901

EMERGENCY OCCUPY SYDNEY PROTEST AT THE SUPREME COURT

Defend our right to protest!

The NSW police are taking Occupy Sydney organisers to the Supreme Court on November 4 to try to ban our planned march through the Sydney CBD.

The next “Freedom Wave” to Gaza is on its way. Sydney based youth worker Michael Coleman joins delegates from several countries on the Canadian boat Tahrir as it sets sail for Gaza.

Israeli has launched a series of air strikes on the Gaza Strip since October 29. ABC.net.au reported on November 2 that Israel was preparing its military for a ground assault on the besieged territory — home to about 1.5 million Palestinians.

At least 11 Palestinians have been killed, ABC.net.au said. Officials on both sides said at least seven members of Palestinian group Islamic Jihad (JI) had been killed,

For a lighthearted look at some of the difficulties and frustrations with the democratic process of the Occupy movement, have a look at The Meeting: A Democratic Satire, by Kahtia Lontis.

It is described as "a short satirical fiction piece based on the painful process of grassroots democracy". It is something anyone who has taken part in the movement could identify with.

A victory was achieved by the anti-memorandum, anti-government movement on October 28.

It was commemoration day of the resistance to the German occupation of Greece, which started in 1940. Across the whole country, the traditional student and military march was turned into an event of protest against the new occupation of Greece being enforced by the “troika” of the International Monetary Fund, the European Central and and the European Union.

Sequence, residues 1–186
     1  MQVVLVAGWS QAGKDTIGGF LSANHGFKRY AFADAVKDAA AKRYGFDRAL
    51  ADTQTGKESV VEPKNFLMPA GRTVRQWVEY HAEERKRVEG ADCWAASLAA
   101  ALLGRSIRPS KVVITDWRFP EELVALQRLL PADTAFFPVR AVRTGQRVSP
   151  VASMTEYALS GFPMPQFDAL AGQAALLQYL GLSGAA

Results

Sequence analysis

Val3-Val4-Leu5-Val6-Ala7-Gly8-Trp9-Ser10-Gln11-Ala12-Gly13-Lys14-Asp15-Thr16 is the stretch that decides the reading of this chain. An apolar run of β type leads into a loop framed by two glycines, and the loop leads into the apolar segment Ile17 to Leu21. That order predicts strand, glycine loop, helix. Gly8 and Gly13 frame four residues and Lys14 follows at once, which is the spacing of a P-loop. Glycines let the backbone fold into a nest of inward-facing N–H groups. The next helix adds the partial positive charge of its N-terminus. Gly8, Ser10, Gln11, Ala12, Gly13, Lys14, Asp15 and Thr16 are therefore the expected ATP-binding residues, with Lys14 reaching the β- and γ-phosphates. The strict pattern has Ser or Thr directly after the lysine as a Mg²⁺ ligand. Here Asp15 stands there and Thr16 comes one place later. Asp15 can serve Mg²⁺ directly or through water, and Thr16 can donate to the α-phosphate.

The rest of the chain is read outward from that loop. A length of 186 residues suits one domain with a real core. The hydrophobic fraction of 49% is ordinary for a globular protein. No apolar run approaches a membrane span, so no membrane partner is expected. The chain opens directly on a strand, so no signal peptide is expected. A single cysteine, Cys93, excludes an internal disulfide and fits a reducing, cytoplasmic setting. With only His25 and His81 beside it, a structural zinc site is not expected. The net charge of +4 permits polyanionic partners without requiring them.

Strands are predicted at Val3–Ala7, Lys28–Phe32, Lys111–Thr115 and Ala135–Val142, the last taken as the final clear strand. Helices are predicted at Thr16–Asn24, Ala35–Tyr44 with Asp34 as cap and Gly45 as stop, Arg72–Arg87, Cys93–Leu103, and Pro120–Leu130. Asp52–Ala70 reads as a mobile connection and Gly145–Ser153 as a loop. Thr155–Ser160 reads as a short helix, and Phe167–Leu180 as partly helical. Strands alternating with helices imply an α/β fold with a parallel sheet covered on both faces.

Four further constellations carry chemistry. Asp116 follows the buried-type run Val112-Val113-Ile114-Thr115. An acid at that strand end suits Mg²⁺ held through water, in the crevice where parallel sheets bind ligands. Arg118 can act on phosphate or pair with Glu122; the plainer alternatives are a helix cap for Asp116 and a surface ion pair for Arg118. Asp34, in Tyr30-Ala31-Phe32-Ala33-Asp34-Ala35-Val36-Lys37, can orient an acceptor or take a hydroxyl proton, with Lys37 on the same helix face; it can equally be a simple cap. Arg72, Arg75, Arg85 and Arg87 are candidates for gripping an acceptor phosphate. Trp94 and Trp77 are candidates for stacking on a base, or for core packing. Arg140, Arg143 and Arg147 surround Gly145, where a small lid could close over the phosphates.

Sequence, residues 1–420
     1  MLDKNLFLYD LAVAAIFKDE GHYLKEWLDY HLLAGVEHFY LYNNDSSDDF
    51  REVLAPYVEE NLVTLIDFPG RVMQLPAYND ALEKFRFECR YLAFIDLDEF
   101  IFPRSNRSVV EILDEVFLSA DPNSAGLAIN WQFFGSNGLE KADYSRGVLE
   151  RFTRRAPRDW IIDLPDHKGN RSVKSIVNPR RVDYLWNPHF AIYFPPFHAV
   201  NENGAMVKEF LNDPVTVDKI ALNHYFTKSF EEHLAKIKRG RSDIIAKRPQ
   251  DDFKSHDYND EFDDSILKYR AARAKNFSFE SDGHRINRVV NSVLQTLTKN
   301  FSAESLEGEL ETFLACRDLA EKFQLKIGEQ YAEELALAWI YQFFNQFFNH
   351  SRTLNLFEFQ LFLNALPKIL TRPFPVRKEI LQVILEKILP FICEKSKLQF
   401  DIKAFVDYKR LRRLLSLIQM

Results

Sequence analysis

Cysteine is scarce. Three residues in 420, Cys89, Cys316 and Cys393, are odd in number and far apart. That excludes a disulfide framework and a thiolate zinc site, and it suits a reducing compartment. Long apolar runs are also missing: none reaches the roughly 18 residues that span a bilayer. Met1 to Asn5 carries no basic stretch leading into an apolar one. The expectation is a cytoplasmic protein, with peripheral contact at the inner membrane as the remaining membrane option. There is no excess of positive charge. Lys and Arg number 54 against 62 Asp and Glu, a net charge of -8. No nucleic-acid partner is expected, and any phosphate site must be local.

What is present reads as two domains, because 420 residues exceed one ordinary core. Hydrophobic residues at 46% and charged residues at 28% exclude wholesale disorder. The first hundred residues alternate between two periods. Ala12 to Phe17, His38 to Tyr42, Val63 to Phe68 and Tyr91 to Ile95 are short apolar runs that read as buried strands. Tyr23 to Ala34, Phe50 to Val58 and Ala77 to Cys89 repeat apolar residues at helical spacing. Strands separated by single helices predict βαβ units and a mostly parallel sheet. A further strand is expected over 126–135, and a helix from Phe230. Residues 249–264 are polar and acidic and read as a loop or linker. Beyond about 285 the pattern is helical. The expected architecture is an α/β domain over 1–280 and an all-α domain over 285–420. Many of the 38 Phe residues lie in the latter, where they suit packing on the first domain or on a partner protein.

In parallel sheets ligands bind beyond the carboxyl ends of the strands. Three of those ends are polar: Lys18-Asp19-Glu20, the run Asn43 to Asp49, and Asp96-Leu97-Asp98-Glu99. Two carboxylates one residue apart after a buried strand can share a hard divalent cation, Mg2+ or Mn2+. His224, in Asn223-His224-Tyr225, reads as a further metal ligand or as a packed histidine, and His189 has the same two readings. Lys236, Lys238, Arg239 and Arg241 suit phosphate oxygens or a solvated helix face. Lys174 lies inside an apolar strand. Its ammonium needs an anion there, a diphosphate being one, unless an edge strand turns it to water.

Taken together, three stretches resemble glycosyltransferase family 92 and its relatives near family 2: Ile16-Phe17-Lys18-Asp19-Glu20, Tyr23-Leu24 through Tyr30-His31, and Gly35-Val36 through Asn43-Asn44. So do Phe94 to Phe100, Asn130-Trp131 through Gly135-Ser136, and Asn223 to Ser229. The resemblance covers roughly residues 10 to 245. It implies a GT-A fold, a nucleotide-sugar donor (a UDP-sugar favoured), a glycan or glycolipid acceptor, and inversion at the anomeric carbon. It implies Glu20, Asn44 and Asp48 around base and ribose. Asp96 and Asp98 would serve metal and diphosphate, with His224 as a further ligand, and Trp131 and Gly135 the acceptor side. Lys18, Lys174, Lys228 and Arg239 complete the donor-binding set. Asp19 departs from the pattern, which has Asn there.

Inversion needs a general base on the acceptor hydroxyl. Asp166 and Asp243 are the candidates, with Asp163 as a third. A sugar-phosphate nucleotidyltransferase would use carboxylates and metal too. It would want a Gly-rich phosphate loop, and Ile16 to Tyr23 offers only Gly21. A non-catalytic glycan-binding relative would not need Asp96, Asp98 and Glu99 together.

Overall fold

See also
Greek people resist new troika attacks

The second Sunday forum of the Free University of Occupied Brisbane discussed “creative forms of protest” on October 30 in Post Office Square. Phil Monsour from Justice for Palestine talked about the boycott divestment and sanctions campaign against apartheid Israel.

On October 18, about 200 students held a “Save Political Economy” demonstration at the University of Sydney, organised by the Political Economy Students Society (EcopSoc).

The university administration is considering abolishing political economy as a separate department.

The department was established in the 1970s after a big campaign of protests and occupations by students and staff who wanted economics courses that taught a wide range of theories — not just the right-wing orthodoxy.

The Philippines, one of the poorest Asian nations with a huge foreign debt ― caused by successive corrupt governments ― remains a place of simmering class tension.

In the past six weeks, there have been mobilisations around a range of issues.

On October 11, there was a national day of action against rising energy costs. There were protests right across the archiapelago.

Residents turned off their power for half-an-hour and created a “noise barrage” with whistles and horns.

The October 23 declaration of Libya’s “liberation” by the National Transitional Council (NTC), the de-facto government since taking Tripoli from former dictator Muammar Gaddafi on August 21, was a showcase victory for the West’s vision of how the Arab democratic awakening should progress.

An uprising began in Libya on February 17 — part of the popular rebellion that has broken out against dictatorial regimes across the Arab world. The Gaddafi regime's brutal repression — carried out with Western-supplied weapons — meant the rising turned into a civil war.

Pages

Subscribe to 901